Urban Wildlife - Water Vole

Water vole (Arvicola terrestris) © Philip Precey

Fascinating Fact about Water Vole

The Northern water vole is Europe’s largest native vole. It is only in the UK that water voles are dependent on living by water, so ours is a unique population. The water vole was once a common and familiar mammal. Over the last 20 years the water vole has undergone a catastrophic decline. It is now a priority species, has a Nottinghamshire Biodiversity Action Plan (BAP), and has legal protection under the Wildlife and Countryside Act.

All about Water Vole

What to look for

The water vole has a rich, silky, yellowish-brown to dark brown coat, a blunt nose, a rounded body and a long hairy tail. The adults weigh 200-350g. It is 12-20cm long, with a tail of
7-11cm. The males are usually slightly larger than females, except during pregnancy, when the female becomes larger.

When and where to see

Water voles are more active during the day than at night. Although the water vole swims and dives well, it is not particularly adapted to water; it is very buoyant and swims high out of the water, doggy-paddle style. When it enters the water it makes a distinctive ‘plop’. If you hear one, look for the V-shaped wake that the swimming water vole makes in the water. Water vole burrows can stretch down below the surface of the water for up to two metres. The most common sites are vegetated banks of ditches, rivers, streams, canals, ponds, and marshes with still water or little flow, and where water is present all year round. As these suitable habitats decline, water voles are increasingly using reed bed pools and ditches.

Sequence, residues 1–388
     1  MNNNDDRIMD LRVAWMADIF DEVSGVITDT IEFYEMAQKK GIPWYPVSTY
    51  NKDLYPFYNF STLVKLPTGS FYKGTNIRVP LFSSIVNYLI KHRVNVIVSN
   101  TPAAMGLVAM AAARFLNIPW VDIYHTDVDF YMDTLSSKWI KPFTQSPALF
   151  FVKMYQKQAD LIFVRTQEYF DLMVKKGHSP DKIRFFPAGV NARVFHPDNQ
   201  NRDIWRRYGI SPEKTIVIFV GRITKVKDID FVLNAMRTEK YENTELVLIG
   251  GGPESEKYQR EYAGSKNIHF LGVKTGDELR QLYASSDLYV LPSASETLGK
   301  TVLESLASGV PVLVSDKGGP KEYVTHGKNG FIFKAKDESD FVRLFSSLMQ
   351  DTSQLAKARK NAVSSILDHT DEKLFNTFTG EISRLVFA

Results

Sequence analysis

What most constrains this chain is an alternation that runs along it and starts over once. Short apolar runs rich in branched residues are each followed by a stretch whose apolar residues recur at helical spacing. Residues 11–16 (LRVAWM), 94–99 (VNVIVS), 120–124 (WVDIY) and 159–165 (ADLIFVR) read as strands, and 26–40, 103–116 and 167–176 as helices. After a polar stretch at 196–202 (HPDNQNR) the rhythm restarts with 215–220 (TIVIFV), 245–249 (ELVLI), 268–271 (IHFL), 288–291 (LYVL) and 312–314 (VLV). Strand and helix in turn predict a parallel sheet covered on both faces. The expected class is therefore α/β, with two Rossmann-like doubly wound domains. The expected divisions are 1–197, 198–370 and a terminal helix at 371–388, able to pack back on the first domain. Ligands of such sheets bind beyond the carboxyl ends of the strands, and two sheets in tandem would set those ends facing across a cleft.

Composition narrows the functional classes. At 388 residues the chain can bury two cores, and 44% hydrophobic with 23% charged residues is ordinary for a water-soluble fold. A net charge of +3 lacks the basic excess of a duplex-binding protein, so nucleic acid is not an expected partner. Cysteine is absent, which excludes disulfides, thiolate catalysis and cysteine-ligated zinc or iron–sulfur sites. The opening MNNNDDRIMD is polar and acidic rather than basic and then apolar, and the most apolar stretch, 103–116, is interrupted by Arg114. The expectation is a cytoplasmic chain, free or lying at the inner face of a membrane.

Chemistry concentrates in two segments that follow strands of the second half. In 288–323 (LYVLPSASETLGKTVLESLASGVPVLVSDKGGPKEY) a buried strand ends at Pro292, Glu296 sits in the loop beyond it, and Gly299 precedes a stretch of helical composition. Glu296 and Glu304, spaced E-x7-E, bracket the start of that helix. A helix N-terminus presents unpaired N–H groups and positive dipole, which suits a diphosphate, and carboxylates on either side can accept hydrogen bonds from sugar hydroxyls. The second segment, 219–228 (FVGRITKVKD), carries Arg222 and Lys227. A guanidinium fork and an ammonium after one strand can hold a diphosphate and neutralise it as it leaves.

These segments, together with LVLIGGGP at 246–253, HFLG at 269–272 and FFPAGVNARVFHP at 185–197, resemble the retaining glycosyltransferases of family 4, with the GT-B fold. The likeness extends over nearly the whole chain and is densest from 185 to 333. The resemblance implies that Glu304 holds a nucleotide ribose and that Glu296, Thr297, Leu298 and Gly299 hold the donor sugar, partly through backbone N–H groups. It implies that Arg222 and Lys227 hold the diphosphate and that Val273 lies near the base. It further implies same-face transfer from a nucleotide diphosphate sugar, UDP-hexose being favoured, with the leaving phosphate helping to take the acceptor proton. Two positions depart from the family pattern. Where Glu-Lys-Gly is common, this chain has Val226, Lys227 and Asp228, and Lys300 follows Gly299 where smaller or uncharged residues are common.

Did you know?

  • Water voles excavate extensive burrow systems in the banks of waterways. These have sleeping/nest chambers at various levels in the steepest parts of the bank and usually have underwaterentrances to give the animals a secure route forescape if danger threatens. They will also weave nests of reeds and sedges in marshy areas.
  • A water vole will consume approximately 80% of its body weight every day. They are mostly herbivorous, eating a wide range of vegetation, especially the lush stems and leaves of waterside plants, though they will also eat invertebrates. Water voles often bring their food to chosen places near the water’s edge to eat. The food remains,
    usually bits of chewed plants, are left in neat piles.
  • Water voles can have up to 5 litters per year, with 3-7 young. The young are born between April and September, blind and helpless in a nest chamber made of grass. They leave the nest at about 4 months. Young born before July may breed that autumn, but most will reach sexual maturity after their first winter.
    They are territorial during the breeding period, marking their territories with piles of green droppings, 1cm long, called latrines. They are less active and gregarious during the winter and winter mortality is very high, often up to 70%. The water vole’s lifespan is usually no more than two years.
  • The water vole is often confused with the brown rat, which is slightly larger and has a pointed nose and a shorter, naked tail.

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